What a great idea! Unfortunately it was not one that I found represented in the performance. It seemed to me that Kanga’s runs and key-mashing in different registers were more to “get the strings moving” rather than to provide pianistic gestures that the EBows and radios would then corrupt. I cannot say whether this was the result of the specific directions on the graphic score or its interpretation. The EBows and radios then failed to interfere significantly with the sound of the piano. Occasionally one could hear the jangle of an EBow or a radio physically bouncing on the piano strings, but they did not appear to intermingle with or modulate the piano’s sound. Surely the media is not that ineffectual, bouncing along the titanic reverberations of politicians? Now, I am fully aware that I am about to fly to Perth to review the Totally Huge New Music Festival and will no doubt spend a lot of time in the same room with Hope, but this only goes to show how seriously I take reviewing.

Michel van der Aa, Transit

In Transit by Michel van der Aa, an elderly man fights loneliness through a series of repetitive acts. He struggles to open doors and open the window. He drags a chair back and forth and bottles steam from a kettle that he can barely lift. The noir-like film captures the claustrophobia of physical weakness and the importance of memory. The live piano and electroacoustic parts are integrated into the rhythm of the film. Kanga’s silent movements, such as raising his arms to play, or reaching to one side of the piano but not striking a key, are accompanied by electroacoustic sounds. This gives the impression that Kanga is a magical piano samurai, which is not too far from the truth.

Daniel Blinkhorn, FrostbYte: Chalk Outline

Blinkhorn’s FrostbYte: Chalk Outline is an audiovisual piece contrasting pristine Arctic waters with industrial infrastructure. The Chalk Outline of the title refers to the climate change, exacerbated by industrial activity, that is rapidly transforming the landscape. Blinkhorn created the piece with video and audio material he collected while travelling in areas of the Arctic. The musical accompaniment to the footage of the Arctic landscape is fittingly tinkly, high and “icy.” Blinkhorn begins to introduce sounds from dubstep, with wobbly bass and dramatic, booming punctuations as the footage moves to cranes, which are processed through abstract mirroring effects on the video. The stunning video footage was inexplicably processed through a filter that broke it up into beveled windows. It seemed to me that this was unnecessary as the beautiful landscape spoke for itself.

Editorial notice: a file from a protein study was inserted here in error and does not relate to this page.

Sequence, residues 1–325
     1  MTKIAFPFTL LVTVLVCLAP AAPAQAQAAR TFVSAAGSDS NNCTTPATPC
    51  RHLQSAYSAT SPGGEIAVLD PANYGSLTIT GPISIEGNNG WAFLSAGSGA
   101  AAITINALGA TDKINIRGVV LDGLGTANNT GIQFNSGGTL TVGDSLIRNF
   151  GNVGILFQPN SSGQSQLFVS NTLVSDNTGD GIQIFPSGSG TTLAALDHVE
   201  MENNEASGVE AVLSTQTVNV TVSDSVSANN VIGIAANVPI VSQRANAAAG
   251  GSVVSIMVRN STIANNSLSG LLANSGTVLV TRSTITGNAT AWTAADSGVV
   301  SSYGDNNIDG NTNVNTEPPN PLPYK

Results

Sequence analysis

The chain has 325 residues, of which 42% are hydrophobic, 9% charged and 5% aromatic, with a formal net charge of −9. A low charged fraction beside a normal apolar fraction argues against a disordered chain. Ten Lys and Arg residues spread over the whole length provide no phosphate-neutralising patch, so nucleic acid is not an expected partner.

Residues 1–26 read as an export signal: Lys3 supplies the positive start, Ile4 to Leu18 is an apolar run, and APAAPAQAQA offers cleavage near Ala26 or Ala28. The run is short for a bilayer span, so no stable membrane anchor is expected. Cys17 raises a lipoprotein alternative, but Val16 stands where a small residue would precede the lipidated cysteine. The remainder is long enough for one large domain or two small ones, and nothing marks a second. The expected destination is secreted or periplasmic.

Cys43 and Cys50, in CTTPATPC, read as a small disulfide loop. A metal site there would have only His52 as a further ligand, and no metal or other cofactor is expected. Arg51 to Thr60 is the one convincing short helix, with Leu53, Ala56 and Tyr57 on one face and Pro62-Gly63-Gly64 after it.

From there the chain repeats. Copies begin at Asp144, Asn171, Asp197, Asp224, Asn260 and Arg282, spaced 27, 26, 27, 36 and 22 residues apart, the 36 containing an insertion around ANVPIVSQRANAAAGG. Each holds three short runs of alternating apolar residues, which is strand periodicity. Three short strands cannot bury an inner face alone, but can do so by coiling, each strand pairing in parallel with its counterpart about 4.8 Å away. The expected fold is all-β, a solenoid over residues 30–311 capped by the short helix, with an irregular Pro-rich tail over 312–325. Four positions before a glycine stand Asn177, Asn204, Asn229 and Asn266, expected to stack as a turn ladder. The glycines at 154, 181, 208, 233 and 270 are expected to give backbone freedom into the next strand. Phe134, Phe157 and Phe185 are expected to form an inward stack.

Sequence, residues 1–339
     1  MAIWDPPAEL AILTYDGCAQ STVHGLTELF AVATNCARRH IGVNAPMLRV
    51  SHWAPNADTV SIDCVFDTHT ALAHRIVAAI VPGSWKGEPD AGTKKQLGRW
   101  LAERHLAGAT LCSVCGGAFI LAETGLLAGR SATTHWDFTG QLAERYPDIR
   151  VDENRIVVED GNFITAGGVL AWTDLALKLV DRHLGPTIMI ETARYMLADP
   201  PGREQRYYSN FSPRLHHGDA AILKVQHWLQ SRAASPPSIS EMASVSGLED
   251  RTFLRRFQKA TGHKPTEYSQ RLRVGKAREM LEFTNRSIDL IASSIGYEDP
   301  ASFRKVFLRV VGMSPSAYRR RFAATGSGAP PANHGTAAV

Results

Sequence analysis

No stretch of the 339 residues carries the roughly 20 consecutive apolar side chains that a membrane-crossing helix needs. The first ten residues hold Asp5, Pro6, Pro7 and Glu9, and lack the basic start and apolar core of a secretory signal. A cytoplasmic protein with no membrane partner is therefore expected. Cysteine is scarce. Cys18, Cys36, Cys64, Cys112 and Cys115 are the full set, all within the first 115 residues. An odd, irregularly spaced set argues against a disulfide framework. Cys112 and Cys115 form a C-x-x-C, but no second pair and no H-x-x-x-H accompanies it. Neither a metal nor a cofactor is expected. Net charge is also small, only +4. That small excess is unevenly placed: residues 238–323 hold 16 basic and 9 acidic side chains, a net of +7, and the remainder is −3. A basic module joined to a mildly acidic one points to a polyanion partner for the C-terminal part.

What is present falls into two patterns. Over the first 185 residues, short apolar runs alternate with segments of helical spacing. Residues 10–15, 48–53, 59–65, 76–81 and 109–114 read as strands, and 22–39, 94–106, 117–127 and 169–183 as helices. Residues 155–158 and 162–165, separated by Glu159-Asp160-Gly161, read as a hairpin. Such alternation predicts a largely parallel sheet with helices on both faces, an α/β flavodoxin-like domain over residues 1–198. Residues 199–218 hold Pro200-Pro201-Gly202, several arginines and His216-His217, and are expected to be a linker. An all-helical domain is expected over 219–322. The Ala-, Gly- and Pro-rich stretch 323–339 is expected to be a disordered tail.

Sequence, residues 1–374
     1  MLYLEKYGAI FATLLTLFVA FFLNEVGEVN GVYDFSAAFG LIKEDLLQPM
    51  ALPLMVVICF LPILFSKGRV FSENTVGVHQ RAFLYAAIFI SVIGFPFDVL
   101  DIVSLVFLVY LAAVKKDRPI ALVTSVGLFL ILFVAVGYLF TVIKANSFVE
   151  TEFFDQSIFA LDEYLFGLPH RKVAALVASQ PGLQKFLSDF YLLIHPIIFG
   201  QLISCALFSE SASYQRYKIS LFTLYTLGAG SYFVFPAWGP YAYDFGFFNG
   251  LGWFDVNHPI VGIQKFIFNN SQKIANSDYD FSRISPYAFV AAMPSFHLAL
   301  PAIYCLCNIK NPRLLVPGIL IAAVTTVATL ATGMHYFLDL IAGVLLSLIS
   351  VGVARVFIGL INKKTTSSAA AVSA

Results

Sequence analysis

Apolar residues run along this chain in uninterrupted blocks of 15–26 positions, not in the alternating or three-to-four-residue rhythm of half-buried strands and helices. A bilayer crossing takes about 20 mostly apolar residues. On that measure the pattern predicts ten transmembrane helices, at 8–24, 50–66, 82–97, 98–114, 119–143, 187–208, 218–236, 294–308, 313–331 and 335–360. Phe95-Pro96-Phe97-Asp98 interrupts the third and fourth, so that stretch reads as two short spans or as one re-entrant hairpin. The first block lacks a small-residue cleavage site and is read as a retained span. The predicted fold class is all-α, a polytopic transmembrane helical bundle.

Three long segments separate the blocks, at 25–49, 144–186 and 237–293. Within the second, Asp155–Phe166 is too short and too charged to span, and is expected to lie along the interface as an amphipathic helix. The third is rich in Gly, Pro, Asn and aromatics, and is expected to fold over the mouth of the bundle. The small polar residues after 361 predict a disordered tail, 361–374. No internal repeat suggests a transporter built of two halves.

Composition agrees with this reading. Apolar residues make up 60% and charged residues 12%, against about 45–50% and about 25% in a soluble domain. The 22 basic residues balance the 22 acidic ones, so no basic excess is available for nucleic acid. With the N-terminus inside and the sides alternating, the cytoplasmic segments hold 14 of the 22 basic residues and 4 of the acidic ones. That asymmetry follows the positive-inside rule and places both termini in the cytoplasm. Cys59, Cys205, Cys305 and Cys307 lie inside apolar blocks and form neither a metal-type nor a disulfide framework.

Steve Reich (arr. Vincent Corver), Piano Counterpoint

Steve Reich’s Six Pianos is difficult to mount due to the problem of gathering six pianos together in the same space and still having room for the audience. Pianist Vincent Corver has opened the door for more (partially) live performances of the work by arranging it for one live pianist and five pre-recorded parts in the retitled work Piano Counterpoint. Kanga performed the live part with bravado and flair. We will no doubt hear this piece many more times in the future.

See also Charles MacInnes’ thoughtful review.

Zubin Kanga
Dark Twin
Metropolis New Music Festival
Melbourne Recital Centre
8 May 2015

Stefan Prins, Piano Hero; Julian Day, Dark Twin; Benjamin Carey, _derivations; Michel van der Aa, Transit; Daniel Blinkhorn, FrostbYte: Chalk Outline; Cat Hope, The Fourth Estate; Steve Reich (arr. Vincent Corver), Piano Counterpoint.

2 thoughts on “Metropolis: Zubin Kanga, Dark Twin

  1. Mathew how strange i find your review, when you include the potential for discussion part of an assessement for a performance past. Who is to say the radio static and ebow tones represents the ‘fourth estate’? What about the other three estates? Could it be that the work explores the contrasting timbral qualities of ‘acoustic electronics’ (ie not fed into PA speakers) vs the old furniture of the piano….and knowing that the media is more the ‘electronic’ (the medium, sometimes) – persuasive in its omnipresence, like the piano is in music…. maybe.

  2. Yes I should hope there are other ways of interpreting it, especially because the piece followed Zubin Kanga’s protest against the redistribution of Australia Council funding to the Ministry of Arts at the Western Australian Museum last night (and broadcast nationally on ABC Classic FM). The arts themselves form part of the fourth estate and I can only hope that they are the piano part bursting forth unhindered by the electronics and are not merely a source of pyrrhic, buzzing protest.